The Scars of Motherhood: Coming to Terms With Your Children Growing Up

The Scars of Motherhood: Coming to Terms With Your Children Growing Up

When you have a baby, they send you home with formula and diapers. They give you instructions on caring for the umbilical cord and setting up your first appointment with the pediatrician.  Good nurses will give you tips on feeding schedules, getting the baby use to different noises and different sleeping arrangements.  They will teach you how to swaddle the baby up into a tight cocoon to remind them of your womb.  So many instructions for this tiny new person.  Yet,  don’t they explain to new moms that from the moment they gave birth they’ve agreed to a life of wearing their heart on the outside of their body.  That from here on out their tear ducts will be on overdrive.  Why don’t they explain that every heartbreak their child endures, they will feel as if it’s their own?  And why don’t they explain that at some point motherhood means reaching the pivotal fork in the road?  A place where they separate from their child and are no longer needed in the same capacity?

This week was one of those times when planets align and wreak havoc on my emotions.  A friend sent me a picture of our kids when they were little.  That same day, I printed out the school calendar for the upcoming year and saw the date of Noah’s graduation staring at me in black and white.  No more denying it’s coming; cue the tears.  The next day I took him for his senior pictures and couldn’t watch for fear of  the water works returning. The very next morning I glanced at Tristan eating breakfast and it hit me like a ton of bricks: he looks like a man!  No trace of teenager left.

I don’t know where the time has gone, but suddenly I feel like  I’ve been robbed.  I want a redo!   I want to go back in time and relive their childhoods again. I want chubby fingers holding my hand. I want to put Band-Aids on skinned knees.  I want sloppy sticky kisses.  I want hugs from arms that barely reach around my neck.  I want to hear giggles as they hide in places they think I can’t see them.  I want to have dance parties where we jump off the couch and sing on the top of our lungs.  I want to cuddle while watching Disney movies.  I want to remember their scent that was a mixture of equal parts sweat, dirt, and sweetness.

I want time to stop, but it can’t and that makes my heart physically ache.

As parents we strive to help our children grow into responsible, respectable, empathetic, strong, compassionate adults.  We want to see their hopes and dreams come true more than anything we could ever wish for ourselves.  To see them grow up and be truly happy is our goal from conception.  If we did our job right, they’ll be secure leaving the nest.  Going out into the world to start the next phase of their lives will be scary, yes, but exciting.  It will be something they look forward to. It will be a time when we get our lives back and begin to make ourselves a priority again. But what if we don’t want to?  What if we don’t know how?  What if it hurts too much to think of waking up each day in a house where we don’t see their faces?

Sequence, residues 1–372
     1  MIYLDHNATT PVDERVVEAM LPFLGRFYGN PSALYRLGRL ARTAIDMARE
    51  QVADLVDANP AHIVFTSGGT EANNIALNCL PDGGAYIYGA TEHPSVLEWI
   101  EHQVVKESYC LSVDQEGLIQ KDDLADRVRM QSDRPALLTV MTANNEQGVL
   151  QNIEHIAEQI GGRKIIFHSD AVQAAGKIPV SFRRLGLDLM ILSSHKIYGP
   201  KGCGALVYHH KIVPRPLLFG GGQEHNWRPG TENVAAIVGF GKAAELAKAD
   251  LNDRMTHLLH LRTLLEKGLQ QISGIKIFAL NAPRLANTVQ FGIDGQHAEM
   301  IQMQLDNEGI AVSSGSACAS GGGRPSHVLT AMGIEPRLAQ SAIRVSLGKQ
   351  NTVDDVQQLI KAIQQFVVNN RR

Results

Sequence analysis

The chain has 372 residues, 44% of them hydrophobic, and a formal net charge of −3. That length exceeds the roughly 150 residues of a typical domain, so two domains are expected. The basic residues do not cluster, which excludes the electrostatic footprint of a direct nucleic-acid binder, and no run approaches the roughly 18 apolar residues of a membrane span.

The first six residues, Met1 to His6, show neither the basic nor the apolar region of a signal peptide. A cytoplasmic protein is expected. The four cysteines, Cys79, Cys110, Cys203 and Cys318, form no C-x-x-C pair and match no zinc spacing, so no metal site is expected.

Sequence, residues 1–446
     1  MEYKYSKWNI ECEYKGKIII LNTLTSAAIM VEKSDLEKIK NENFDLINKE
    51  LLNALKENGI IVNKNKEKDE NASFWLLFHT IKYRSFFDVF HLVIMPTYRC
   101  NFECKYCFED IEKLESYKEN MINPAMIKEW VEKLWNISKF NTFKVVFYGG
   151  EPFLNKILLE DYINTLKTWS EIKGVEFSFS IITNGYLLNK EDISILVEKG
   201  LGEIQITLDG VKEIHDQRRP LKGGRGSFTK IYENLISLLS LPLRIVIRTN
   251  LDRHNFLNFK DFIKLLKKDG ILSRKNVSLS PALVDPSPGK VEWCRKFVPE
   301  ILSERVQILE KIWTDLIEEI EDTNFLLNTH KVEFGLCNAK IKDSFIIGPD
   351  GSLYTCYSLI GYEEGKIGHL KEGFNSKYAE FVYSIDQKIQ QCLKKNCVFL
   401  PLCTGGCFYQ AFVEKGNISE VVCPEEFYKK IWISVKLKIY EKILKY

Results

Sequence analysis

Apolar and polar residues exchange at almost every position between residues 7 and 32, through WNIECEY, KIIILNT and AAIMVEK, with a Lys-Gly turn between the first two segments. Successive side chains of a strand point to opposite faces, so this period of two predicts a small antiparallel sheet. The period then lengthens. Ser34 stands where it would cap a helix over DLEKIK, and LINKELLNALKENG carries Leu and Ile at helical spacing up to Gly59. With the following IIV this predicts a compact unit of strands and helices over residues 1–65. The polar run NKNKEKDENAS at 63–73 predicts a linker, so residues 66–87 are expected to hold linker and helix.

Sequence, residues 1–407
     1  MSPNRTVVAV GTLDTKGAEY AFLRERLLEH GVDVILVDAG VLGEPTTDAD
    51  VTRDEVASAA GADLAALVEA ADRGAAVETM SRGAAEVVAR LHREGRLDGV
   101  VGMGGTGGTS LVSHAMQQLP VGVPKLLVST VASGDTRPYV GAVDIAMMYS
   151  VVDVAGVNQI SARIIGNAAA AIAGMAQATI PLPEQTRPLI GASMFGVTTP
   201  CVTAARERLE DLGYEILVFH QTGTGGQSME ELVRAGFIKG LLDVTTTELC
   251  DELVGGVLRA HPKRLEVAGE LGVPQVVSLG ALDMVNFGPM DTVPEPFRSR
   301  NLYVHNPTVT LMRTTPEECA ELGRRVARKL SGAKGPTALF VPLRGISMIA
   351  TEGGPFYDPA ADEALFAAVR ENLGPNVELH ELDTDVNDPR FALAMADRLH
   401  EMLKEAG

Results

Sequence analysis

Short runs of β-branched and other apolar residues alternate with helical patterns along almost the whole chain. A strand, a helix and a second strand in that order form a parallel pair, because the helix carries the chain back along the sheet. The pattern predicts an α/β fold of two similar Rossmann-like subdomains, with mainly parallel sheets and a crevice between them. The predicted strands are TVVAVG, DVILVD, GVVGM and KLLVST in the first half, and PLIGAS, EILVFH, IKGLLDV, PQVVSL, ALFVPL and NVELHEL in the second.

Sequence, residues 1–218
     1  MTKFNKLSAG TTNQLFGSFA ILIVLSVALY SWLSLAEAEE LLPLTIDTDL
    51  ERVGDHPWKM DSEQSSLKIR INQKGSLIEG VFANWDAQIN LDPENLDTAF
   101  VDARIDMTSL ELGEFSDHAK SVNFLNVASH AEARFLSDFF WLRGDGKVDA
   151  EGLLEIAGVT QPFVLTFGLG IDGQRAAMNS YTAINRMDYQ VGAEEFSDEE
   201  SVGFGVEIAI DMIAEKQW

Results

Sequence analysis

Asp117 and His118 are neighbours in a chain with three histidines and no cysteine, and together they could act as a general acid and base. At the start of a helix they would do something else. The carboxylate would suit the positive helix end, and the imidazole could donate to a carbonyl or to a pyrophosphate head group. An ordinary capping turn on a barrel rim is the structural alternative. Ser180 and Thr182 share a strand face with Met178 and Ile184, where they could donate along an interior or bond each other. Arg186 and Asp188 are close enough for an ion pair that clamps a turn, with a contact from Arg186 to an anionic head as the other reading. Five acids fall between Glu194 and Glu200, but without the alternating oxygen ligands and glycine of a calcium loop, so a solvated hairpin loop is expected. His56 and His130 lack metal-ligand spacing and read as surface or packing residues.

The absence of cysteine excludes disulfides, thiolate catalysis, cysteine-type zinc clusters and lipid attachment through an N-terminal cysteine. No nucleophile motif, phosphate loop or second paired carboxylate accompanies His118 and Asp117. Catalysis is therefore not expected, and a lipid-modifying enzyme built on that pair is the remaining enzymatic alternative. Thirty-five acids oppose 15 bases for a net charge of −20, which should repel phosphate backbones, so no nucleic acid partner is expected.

Knowing we won’t get a call or text everyday is just as conflicting.  It means they’re living!  They’re studying, they’re working, their spending time with people who have become important in their lives.  But, those people may be people we’ve never met.  The things they’re doing will be memories we’re never a part of.  The arms bringing them comfort won’t be ours.  How do we reconcile that?  How do we acknowledge that we want all of that and more for our children as they become adults, when there is secretly a part of our heart that doesn’t? When we reach that fork in the road, how do we allow our children to go one way while we go the other?

That fork in the road is like a tug of war.  On one side is Team Brain.  That side pulls and pull and pulls knowing with each tug our children move further into their future.  Further into the world.  Further away from us.  Team Brain knows this is the way it’s supposed to be.  Our relationship with our children will evolve into a friendship of sorts.  There will be people who are more important than us.  Our kids might move to the other side of the country or the other side of the world, but these things happen because we’ve taught them how to stand on their own two feet.  Team Heart is on the other side of the rope and they’re struggling.  They’re actually stronger than Team Brain because Team Heart has been broken over and over and over.  They’ve been broken and put back together and have all the scars to prove it.  But as strong as Team Heart is, it can never win the tug of war. Life doesn’t work that way.  Instead Team Heart gets shredded by the rope.  They’re hands are blistered and beaten; rubbed raw and aching. The pain is intense and there is nothing they can do but put bandages on the wounds, plaster on a smile, and wait for the scars to form.

So why do we moms do it?